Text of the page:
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Why import price controls?

Why import price controls?
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First Published: Tue, May 08 2007. 12 09 AM IST
Updated: Tue, May 08 2007. 12 09 AM IST
Drug reimportation is back, and this time it may become law. Late last week, the Senate voted by a near veto-proof 63-28 margin to clear the way for adding a reimportation amendment to the Food and Drug Administration Revitalization Act. Reform is sorely needed in this area, but this amendment is unsound. It would import foreign price controls on drugs, thus undercutting the R&D funding that companies need to produce the miracle drugs of the future.
Given Food and Drug Administration (FDA) safety and efficacy standards, it takes on average 12-15 years and over $800 million for a company (and most are American) to develop a new drug. But only the US market is free. Abroad, pharmaceutical companies must negotiate prices with socialized medical systems. As a result, foreigners usually pay far less than Americans for their patented drugs. Americans bear the lion’s share of R&D costs, subsidizing socialized medical systems in the process, while foreigners are classic “free riders.”
When Americans go online, however, or go abroad for cheaper drugs, they encounter the reimportation ban Congress enacted in 1987. Thus the repeated calls, especially from seniors, for lifting the ban, which the Senate measure would do.
But there’s also another side. Quite apart from foreign price controls, companies face varying levels of demand and ability to pay, which would lead them in any event to segment markets and price differentially, just like airlines, theatres, and many others do. Whether it’s due to foreign price controls or the perfectly legitimate wish to maximize profits, companies are going to charge different prices in different markets. To maintain that market segmentation, however, they have to guard against “parallel markets”—vendors in low-price markets reselling the drugs (at a profit) to high-price markets. If they don’t, their low-price vendors will out-compete them for their own drugs. That’s where the reimportation ban comes in. It keeps drugs sold at low prices abroad from coming back and flooding the American market.
The problem with that statutory solution is that it’s inconsistent with free market principles. It’s a public law solution to a private law problem. If companies want, or need, to preserve their segmented markets, the right way to do it is through no-resale contracts or, if those prove difficult to enforce or illegal (as in Europe), limitations on supply.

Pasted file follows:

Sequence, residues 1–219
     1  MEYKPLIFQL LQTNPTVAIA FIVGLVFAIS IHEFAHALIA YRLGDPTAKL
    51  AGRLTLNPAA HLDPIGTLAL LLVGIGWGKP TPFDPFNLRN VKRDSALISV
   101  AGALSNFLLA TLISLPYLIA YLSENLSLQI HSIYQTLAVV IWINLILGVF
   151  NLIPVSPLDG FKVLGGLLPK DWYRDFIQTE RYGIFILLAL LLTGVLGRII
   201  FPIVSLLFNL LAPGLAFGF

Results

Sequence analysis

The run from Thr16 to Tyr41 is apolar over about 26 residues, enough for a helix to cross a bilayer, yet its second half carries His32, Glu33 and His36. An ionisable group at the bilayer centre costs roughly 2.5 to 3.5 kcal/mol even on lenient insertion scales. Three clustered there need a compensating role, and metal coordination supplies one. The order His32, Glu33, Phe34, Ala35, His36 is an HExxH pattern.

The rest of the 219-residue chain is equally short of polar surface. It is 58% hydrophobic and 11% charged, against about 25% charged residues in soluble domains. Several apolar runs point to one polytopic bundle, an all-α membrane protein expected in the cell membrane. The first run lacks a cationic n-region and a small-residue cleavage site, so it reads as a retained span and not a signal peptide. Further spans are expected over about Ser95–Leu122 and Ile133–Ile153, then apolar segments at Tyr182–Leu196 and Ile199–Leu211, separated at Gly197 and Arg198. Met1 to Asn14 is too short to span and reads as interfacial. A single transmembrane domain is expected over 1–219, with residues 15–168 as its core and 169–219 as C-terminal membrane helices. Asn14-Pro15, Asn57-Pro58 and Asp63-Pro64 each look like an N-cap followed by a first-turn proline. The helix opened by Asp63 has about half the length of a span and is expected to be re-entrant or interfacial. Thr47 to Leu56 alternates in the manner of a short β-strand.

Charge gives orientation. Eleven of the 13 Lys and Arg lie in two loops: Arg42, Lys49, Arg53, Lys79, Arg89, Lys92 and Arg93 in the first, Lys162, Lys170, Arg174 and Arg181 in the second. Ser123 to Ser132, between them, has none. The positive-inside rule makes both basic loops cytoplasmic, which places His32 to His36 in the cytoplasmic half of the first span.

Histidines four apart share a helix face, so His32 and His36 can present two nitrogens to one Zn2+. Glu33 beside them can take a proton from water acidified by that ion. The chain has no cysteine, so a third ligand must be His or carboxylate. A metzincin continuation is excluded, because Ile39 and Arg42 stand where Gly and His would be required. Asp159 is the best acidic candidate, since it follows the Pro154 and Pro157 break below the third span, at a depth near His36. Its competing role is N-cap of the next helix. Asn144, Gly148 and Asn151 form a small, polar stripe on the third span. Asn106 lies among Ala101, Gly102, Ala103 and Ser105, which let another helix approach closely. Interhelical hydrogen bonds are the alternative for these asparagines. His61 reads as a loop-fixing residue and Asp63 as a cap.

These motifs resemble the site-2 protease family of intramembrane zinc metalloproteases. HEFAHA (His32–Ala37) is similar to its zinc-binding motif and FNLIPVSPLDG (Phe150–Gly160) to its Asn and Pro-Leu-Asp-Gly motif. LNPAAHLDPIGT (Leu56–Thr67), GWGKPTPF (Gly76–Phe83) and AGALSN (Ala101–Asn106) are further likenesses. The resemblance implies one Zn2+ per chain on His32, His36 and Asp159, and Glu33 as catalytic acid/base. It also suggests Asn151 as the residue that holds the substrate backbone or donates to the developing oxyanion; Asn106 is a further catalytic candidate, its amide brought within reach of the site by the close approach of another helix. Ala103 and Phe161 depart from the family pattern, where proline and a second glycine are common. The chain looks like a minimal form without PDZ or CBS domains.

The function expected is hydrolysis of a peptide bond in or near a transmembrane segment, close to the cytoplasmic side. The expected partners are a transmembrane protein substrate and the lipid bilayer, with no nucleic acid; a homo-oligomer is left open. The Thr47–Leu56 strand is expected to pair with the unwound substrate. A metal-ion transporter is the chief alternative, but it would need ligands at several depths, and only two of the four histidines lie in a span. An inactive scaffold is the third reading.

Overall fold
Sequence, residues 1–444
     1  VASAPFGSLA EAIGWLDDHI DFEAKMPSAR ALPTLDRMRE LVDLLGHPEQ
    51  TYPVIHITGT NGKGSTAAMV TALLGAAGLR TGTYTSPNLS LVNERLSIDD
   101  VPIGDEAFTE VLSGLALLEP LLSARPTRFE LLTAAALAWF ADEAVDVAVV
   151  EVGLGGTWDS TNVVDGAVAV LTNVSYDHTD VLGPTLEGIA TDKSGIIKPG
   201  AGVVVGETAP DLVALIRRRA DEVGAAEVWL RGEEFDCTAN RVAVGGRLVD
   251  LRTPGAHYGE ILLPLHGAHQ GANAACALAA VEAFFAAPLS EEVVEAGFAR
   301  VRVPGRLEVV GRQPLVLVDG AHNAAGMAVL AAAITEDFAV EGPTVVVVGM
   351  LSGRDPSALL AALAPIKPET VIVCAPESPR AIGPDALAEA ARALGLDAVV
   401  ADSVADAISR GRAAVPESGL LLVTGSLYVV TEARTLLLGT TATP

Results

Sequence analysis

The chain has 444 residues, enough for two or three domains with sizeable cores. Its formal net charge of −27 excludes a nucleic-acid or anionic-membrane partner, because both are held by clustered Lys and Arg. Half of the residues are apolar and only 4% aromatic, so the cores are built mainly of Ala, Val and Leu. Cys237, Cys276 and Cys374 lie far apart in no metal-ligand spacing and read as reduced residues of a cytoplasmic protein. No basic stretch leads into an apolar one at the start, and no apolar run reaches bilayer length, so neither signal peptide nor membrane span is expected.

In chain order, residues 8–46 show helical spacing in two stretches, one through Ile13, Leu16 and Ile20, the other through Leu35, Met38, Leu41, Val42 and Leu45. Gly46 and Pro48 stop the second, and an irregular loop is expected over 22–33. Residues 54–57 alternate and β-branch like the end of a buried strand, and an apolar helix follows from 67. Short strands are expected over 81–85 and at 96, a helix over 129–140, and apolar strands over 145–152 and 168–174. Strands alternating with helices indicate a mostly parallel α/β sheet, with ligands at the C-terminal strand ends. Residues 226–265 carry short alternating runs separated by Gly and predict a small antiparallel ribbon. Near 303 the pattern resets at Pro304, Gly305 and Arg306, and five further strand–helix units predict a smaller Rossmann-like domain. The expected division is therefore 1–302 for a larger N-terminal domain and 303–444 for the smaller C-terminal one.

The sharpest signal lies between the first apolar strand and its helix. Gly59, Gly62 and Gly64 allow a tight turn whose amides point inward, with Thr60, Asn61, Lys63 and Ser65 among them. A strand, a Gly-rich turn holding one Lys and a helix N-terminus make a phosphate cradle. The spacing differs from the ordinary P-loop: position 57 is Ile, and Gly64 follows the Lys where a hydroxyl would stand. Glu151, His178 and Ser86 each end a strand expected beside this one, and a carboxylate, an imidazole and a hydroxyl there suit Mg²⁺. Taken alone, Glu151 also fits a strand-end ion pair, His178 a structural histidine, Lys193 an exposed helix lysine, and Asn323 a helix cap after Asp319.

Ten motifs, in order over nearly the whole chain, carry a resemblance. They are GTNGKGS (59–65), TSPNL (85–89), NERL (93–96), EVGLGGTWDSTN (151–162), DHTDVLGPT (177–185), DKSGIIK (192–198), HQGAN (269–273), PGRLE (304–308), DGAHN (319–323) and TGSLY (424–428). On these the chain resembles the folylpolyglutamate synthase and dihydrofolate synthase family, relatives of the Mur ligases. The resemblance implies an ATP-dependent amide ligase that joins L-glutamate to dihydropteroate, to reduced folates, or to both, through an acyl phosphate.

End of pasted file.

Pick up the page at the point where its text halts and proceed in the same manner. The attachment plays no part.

But there, precisely, is where this Senate measure intrudes. It would lift the ban on reimporting drugs from a limited number of developed countries, where drug safety is not an issue. But rather than let markets sort the matter out thereafter—whether they’d remain segmented, or prices would tend towards equilibrium, we don’t know—this Bill would prohibit American companies from defending themselves against parallel markets. They would be prohibited from charging foreign exporters higher prices than they charge foreign firms that do not export. And they would be prohibited from limiting supplies to foreign firms that reshipped those lower-priced drugs back to the US. That’s how Congress, unwilling to directly impose price controls on drugs, is trying to do so indirectly, by “importing” foreign price controls.
There’s no question that Congress is responding to popular will. But the long-term implications are palpable. If companies are forced by the US government to continue supplying cheap drugs to countries from which they are then reimported to the US—crowding out the higher-priced domestic supply of drugs—it’s only a matter of time until profits are insufficient to support the enormous costs of R&D for future drugs.
The better answer is to simply lift the reimportation ban from a limited number of developed countries and then let the market play out. No one knows for sure how that would work, not least because complex and unresolved patent and treaty issues loom in the background. But, at the very least, companies would have far greater incentive to engage in hard bargaining with foreign governments over prices, no-resale contracts, and supply limits. And under current treaty law, developed countries could not engage in the “compulsory licensing” that would undermine company patents.
Opponents of this measure, as usual, are falling back on the safety issue, despite inspection, packaging and other provisions that address it very well. A vote expected (on Monday) on an amendment would require the administration to certify the safety of imported drugs and determine the economic benefit of reimportation, something it says it can’t do, despite a recent Congressional Budget Office report to the contrary. If defeated, a vote will be taken on the reimportation amendment itself.
(However) Congress created the problem when it ignored the principle and imposed the ban. It’s time to correct that problem, not by undercutting the market’s production of miracle drugs, but by opening up the market, thereby inviting foreign nations to contribute more equitably to the development of those drugs.
Roger Pilon is vice-president for legal affairs at the Cato Institute. Comments are welcome at
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First Published: Tue, May 08 2007. 12 09 AM IST
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